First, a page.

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5 Ways to Strengthen On- and Offboarding with IT Solutions

May 16, 2022

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A well-functioning IT department helps you get work done and keeps your data safe. One of the overlooked aspects of IT is how it is involved in personnel matters like onboarding and offboarding. We know that IT supports your HR team by keeping their data safe and helping them stay ahead of phishing attacks, but in today’s post, we’ll show you five ways that your IT team can strengthen your onboarding and offboarding processes.

1. Involve your IT team in onboarding early

Too often, the first time the IT team hears of a new hire is when they show up for their first day of work. The processes for adding a new user to, say, a Microsoft 365 account, may be straightforward enough, but if the user also needs VPN access, key cards, etc. it can be very time consuming for your IT staff. Instead of submitting an urgent ticket the day of, let your HR department know that submitting new hires (in advance) to the IT team helps them keep their priorities and timetables straight. It also makes sure that the new hire’s accounts are ready to help them get to work on day one and quickly get familiar with any systems or services they are new to.

2. Promptly notify IT of any terminations

It is crucial to your company’s data safety to keep IT up-to-date on any terminations that are or will be taking place. It is (like in onboarding) a courteous and efficient thing to do for your IT department. If being terminated causes an employee to become disgruntled, though, all the data they have access to is at risk of intentional deletion, theft, or exfiltration. Coordinating a firing with your IT team (similarly to how you might with an on-premises security team) can make it possible to shut off accounts at the same time the employee is let go, making it far less likely that they have the ability to do anything harmful on the way out.

3. Change passwords for privileged accounts

When someone leaves a team, it’s a good idea to cycle passwords that they may have had access to. While the user may be moving on, if they may have a copy of any of your passwords stored, then those passwords should be considered compromised. It can sometimes be tricky to figure out what access certain users have to shared accounts on a team; this is more of a concern for administrative passwords (privileged user accounts like root, admin, or superuser). If your organization’s passwords are well managed, then it shouldn’t be a problem to update them when necessary.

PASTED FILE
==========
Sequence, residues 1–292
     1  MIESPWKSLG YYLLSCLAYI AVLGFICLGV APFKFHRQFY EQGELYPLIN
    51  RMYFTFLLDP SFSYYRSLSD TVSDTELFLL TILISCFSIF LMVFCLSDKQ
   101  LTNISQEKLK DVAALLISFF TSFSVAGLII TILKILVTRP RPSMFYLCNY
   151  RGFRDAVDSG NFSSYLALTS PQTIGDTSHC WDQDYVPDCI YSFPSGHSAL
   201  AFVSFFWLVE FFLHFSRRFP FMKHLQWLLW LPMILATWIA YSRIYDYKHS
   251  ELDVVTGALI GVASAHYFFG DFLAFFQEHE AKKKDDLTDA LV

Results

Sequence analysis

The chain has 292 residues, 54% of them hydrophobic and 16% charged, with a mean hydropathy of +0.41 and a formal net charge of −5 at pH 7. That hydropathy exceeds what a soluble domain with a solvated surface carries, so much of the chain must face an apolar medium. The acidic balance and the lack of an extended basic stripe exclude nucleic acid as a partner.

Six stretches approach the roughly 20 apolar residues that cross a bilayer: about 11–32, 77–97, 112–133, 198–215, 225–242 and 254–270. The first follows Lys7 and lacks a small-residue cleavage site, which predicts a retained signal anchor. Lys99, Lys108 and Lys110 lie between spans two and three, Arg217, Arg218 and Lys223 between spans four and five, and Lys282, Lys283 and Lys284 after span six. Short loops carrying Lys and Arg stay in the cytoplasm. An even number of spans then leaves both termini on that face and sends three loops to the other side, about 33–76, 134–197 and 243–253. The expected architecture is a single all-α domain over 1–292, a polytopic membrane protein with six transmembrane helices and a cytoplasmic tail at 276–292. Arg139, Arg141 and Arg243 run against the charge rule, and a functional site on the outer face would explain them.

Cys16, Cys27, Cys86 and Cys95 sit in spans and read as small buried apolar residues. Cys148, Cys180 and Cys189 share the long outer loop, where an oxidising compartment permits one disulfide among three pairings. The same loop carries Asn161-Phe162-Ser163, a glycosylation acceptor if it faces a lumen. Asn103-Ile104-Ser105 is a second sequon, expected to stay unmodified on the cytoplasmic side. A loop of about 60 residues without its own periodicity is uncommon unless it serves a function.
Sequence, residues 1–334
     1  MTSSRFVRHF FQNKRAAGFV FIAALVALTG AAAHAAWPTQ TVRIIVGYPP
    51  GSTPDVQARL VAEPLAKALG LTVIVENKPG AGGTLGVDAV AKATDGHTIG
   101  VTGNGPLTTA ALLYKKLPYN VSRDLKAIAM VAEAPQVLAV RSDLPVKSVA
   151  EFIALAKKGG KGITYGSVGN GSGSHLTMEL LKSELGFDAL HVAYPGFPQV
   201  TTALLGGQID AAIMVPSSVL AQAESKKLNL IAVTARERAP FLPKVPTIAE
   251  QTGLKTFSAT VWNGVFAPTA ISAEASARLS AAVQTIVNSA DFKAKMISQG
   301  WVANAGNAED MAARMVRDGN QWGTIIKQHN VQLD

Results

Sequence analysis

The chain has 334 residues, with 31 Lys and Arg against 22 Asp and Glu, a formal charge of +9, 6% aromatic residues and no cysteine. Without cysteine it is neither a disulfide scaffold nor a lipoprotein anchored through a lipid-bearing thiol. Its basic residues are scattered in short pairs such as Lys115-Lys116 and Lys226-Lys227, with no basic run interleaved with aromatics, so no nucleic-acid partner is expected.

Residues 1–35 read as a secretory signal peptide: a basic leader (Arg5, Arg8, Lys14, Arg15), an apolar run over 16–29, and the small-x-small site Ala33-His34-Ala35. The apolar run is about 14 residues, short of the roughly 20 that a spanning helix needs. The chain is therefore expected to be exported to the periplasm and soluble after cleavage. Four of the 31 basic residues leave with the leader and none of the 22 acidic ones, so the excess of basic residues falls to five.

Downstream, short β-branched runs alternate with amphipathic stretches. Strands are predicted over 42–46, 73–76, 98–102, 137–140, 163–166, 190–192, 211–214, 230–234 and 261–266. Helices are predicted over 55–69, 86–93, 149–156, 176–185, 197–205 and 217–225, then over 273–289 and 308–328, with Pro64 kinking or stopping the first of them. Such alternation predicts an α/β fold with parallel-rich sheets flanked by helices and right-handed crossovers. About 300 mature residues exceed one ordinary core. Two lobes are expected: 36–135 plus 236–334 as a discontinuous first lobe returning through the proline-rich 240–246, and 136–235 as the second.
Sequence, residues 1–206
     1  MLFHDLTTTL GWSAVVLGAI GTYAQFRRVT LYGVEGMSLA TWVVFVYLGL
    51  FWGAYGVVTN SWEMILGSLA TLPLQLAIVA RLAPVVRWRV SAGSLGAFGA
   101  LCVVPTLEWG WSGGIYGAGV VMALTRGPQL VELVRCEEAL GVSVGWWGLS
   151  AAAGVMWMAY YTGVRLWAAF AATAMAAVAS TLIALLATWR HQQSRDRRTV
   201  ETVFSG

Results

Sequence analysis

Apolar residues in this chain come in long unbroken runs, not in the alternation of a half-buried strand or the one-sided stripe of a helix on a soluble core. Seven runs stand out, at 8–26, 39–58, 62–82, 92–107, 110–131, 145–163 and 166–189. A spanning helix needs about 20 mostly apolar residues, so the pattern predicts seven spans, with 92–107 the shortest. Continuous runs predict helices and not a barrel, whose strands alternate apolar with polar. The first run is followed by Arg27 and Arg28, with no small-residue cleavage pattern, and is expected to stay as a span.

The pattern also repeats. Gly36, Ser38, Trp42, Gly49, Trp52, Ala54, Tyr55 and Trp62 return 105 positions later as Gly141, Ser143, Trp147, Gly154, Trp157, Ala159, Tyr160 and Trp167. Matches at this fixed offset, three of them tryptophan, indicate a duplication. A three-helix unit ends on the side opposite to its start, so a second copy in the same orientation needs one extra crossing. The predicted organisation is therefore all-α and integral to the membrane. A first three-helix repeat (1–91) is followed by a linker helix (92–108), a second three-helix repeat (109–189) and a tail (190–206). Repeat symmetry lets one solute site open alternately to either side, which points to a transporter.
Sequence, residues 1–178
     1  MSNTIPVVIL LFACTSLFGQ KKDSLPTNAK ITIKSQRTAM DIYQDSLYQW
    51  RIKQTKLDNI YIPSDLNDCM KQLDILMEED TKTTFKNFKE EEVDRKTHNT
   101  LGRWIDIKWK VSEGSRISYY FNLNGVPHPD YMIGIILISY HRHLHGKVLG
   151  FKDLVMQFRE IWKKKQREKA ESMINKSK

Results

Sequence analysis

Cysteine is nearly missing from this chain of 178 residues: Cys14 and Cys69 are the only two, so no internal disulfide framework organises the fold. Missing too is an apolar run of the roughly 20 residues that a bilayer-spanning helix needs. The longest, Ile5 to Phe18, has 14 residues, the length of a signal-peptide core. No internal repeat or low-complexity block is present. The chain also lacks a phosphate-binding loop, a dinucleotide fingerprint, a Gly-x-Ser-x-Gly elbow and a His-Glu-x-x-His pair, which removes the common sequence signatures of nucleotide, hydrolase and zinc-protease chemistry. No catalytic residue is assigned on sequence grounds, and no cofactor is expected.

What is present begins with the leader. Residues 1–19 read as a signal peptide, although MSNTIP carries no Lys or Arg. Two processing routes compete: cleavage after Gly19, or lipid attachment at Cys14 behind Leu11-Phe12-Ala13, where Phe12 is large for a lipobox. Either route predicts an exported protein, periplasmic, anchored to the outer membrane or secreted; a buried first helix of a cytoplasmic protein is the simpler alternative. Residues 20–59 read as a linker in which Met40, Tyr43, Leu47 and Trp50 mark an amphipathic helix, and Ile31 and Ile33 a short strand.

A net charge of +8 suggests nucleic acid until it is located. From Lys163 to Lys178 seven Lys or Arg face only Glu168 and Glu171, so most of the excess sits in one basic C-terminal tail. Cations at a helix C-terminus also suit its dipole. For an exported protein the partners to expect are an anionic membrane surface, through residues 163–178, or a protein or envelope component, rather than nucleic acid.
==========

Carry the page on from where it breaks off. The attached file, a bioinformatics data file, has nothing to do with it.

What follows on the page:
4. Eliminate waste on per user subscriptions

When employees leave your organization, it’s very important to notify your IT team, in case you have any subscriptions that charge per user. For instance, Microsoft 365 plans usually charge per user per month, so there’s no need to be overcharged when someone leaves. Periodically making sure that your subscriptions match your actual user count could directly impact your company’s bottom line.

5. Tighten up access to your network by deleting old accounts

Old user accounts are dangerous to your company’s network security. We focused on disgruntled employees in point number three, but all old accounts that gain access to your network or cloud services increase the attack surface of your company. The threat isn’t just a former employee logging back in, but also an attacker stealing information from them after they’ve left—information that can still be used to log in to your network or cloud by an attacker who targets them later.

There are reactive security measures you can take that would, for example, detect that someone is trying to exfiltrate a terabyte of data from your network, but the proactive solution is to make sure that your HR and IT teams work together to eliminate accounts as employees leave the company. It should probably be a part of your IT department’s plan for implementing a zero-trust model on your network, that is, segmenting all of the data on your network so users only ever have access to the data that they need—someone who no longer works for you doesn’t need access to any of your data.

-Written by Derek Jeppsen on Behalf of Sean Goss and Crown Computers Team